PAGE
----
God once declared everything in the world “very good.”
Can you imagine it?
A Vision of Hope for a Broken World
Shalom is what God declared. Shalom is what the Kingdom of God looks like.
Shalom is when all people have enough.
It’s when families are healed.
It’s when churches, schools, and public policies protect human dignity.
Shalom is when the image of God is recognized in every single human.
Shalom is our calling as followers of Jesus’s gospel. It is the vision God set forth in the Garden and the restoration God desires for every relationship.
What can we do to bring shalom to our nations, our communities, and our souls? Through a careful exploration of biblical text, particularly the first three chapters of Genesis, Lisa Sharon Harper shows us what “very good” can look like today, even after the Fall.
Because despite our anxious minds, despite division and threats of violence, God’s vision remains: Wholeness for a hurting world. Peace for a fearful soul. Shalom.
Lisa Sharon Harper is the author of several books, including Evangelical Does Not Equal Republican…or Democrat; Left Right and Christ: Evangelical Faith in Politics; Forgive Us: Confessions of a Compromised Faith; and the critically acclaimed, The Very Good Gospel: How Everything Wrong can be Made Right.
A columnist at Sojourners Magazine and an Auburn Theological Seminary Senior Fellow, Ms. Harper has appeared on TVOne, FoxNews Online, NPR, and Al Jazeera America. Her writing has been featured in CNN Belief Blog, The National Civic Review, Sojourners, The Huffington Post, Relevant Magazine, and Essence Magazine. She writes extensively on shalom and governance, immigration reform, health care reform, poverty, racial and gender justice, climate change, and transformational civic engagement.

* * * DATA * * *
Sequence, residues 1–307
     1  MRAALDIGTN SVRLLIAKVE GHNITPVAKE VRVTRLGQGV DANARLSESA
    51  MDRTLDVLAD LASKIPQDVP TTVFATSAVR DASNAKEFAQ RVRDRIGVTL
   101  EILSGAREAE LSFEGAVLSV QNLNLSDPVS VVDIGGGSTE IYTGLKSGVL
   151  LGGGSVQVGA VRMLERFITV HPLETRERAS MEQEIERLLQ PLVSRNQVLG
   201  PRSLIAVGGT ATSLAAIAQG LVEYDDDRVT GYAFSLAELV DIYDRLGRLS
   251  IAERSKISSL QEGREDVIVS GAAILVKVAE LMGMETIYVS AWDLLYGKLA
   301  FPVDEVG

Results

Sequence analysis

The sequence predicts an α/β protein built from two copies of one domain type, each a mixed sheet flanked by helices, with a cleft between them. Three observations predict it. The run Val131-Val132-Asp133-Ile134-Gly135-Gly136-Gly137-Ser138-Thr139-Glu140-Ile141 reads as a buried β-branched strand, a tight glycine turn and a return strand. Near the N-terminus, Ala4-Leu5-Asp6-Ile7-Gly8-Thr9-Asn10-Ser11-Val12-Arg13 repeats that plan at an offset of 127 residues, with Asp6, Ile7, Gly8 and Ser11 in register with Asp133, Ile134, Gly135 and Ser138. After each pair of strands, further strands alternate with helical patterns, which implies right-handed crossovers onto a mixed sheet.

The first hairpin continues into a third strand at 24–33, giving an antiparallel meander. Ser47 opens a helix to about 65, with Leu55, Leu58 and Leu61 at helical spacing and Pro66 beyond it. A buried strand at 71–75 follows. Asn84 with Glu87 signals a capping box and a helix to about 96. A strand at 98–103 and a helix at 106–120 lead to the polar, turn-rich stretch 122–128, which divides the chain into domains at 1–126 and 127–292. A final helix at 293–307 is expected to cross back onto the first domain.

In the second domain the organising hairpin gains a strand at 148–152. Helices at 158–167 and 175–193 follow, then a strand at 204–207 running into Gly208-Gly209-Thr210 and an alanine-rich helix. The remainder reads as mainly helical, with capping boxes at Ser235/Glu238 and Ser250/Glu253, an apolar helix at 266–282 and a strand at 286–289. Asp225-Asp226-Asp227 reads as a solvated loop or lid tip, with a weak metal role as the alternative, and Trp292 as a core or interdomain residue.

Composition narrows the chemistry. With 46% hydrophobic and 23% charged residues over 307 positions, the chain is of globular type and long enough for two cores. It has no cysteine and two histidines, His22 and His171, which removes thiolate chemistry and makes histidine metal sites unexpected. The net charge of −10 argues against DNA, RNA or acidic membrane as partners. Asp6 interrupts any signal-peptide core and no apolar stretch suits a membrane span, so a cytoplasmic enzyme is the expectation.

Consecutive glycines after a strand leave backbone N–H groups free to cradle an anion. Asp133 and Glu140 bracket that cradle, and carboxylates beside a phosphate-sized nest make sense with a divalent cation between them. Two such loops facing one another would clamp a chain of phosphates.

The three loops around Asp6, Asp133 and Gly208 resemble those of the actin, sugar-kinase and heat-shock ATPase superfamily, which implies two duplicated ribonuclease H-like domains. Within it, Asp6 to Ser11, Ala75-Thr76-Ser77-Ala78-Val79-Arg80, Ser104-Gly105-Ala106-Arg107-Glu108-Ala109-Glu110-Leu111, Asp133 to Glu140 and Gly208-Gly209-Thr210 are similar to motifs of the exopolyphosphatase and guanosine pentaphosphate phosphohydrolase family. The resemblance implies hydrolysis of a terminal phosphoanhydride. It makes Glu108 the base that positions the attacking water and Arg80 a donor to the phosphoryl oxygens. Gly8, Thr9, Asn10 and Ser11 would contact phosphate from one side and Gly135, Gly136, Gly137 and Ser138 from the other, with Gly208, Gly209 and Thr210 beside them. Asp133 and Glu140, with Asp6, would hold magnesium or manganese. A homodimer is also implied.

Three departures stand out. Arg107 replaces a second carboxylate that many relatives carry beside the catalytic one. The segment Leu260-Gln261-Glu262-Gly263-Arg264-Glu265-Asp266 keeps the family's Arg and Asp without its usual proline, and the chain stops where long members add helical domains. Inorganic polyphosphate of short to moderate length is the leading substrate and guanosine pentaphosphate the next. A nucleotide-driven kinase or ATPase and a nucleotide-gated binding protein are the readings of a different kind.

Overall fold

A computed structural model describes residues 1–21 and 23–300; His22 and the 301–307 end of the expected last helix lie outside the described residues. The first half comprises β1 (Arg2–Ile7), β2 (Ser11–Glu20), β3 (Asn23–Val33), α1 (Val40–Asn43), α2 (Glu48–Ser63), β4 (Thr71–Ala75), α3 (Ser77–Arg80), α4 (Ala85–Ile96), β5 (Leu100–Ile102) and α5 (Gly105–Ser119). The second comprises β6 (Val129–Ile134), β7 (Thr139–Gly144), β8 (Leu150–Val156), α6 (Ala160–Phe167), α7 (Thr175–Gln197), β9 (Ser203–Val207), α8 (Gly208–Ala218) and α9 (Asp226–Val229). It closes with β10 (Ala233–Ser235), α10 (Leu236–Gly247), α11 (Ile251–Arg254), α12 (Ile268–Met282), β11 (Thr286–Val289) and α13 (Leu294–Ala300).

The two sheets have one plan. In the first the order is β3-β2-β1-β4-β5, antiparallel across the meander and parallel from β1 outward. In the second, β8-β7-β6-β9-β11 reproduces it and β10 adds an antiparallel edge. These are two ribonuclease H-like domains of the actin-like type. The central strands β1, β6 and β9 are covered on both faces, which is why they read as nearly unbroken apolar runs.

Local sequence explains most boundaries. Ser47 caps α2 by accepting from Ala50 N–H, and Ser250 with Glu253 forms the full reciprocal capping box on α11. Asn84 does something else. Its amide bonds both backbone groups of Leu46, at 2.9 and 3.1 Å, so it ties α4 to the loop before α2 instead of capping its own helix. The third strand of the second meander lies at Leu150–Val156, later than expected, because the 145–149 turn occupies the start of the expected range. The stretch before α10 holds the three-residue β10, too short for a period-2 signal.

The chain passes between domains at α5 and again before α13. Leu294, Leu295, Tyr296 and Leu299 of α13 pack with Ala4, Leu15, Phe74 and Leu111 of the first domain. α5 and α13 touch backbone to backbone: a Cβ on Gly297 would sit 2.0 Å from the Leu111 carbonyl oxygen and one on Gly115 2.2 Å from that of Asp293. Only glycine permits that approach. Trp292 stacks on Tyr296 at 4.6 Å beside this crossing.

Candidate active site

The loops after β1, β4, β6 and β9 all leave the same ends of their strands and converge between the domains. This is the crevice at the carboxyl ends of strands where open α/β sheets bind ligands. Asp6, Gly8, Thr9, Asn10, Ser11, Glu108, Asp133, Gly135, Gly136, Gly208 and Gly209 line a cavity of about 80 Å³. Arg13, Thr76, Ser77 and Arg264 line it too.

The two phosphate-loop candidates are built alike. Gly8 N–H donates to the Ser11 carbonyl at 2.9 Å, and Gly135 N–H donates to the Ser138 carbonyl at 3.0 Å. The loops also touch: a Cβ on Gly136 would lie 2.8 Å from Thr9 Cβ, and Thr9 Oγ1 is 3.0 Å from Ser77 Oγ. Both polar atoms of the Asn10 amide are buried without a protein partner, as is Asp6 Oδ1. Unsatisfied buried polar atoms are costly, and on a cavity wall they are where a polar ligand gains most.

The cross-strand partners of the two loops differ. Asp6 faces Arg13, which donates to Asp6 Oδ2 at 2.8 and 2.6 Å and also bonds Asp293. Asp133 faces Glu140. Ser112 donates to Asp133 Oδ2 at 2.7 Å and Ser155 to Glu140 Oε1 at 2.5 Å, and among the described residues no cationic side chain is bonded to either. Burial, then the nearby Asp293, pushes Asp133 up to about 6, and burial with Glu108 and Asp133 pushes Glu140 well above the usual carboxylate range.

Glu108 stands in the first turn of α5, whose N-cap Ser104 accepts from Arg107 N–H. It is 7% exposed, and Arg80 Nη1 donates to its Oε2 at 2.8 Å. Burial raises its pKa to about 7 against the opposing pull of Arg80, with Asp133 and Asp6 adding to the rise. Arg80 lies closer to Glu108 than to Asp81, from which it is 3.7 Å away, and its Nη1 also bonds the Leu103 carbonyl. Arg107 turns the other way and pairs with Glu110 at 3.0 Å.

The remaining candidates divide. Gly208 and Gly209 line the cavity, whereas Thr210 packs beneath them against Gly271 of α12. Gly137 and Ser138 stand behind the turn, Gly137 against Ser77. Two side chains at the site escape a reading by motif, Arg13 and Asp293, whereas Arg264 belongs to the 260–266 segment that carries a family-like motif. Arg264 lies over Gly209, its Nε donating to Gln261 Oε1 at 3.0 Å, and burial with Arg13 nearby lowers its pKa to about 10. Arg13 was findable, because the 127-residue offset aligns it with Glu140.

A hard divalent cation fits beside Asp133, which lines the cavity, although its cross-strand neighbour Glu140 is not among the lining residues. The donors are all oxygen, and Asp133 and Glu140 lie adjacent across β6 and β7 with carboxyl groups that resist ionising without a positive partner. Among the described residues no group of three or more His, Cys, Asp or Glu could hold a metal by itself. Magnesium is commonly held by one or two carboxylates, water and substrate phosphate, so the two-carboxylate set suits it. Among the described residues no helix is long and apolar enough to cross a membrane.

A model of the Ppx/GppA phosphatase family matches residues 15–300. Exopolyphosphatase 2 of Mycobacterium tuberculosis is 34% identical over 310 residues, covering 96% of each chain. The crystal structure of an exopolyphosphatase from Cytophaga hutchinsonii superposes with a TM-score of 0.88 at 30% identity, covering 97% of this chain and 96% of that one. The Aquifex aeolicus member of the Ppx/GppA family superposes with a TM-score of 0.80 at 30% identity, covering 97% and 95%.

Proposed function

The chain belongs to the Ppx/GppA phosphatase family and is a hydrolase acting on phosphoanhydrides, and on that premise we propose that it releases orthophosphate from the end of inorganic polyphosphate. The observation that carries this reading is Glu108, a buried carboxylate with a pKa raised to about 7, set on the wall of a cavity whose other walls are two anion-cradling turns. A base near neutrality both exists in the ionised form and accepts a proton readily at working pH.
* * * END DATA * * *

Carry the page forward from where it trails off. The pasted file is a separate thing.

Ms. Harper earned her Masters degree in Human Rights from Columbia University in New York City, and served as Sojourners Chief Church Engagement Officer. She trained and catalyzed evangelicals in St. Louis and Baltimore to engage the 2014 push for justice in Ferguson and the 2015 healing process in Baltimore, and she educated faith leaders in South Africa to pull the levers of their new democracy toward racial equity and economic inclusion.
In 2015, The Huffington Post named Ms. Harper one of 50 powerful women religious leaders to celebrate on International Women’s Day. Ms. Harper received The Bridge Award from The Selma Center for Nonviolence, Truth and Reconciliation in recognition of her dedication to bridging divides and building the beloved community.